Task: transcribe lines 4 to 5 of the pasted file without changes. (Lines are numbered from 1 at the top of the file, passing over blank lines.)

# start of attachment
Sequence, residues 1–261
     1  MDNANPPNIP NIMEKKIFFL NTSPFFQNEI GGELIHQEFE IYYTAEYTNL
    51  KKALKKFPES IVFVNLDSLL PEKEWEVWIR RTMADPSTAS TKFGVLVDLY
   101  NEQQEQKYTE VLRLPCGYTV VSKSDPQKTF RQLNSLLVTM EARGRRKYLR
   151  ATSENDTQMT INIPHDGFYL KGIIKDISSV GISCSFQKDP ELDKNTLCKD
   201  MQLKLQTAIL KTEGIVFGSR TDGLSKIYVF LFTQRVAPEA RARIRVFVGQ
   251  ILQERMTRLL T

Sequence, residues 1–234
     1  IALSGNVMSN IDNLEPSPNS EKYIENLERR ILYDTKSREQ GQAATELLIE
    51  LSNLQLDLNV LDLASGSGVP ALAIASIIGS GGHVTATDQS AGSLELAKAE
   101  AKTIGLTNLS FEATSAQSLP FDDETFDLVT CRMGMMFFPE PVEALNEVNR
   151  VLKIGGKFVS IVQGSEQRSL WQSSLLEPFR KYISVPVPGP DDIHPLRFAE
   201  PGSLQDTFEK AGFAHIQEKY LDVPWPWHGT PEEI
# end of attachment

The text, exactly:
   101  NEQQEQKYTE VLRLPCGYTV VSKSDPQKTF RQLNSLLVTM EARGRRKYLR
   151  ATSENDTQMT INIPHDGFYL KGIIKDISSV GISCSFQKDP ELDKNTLCKD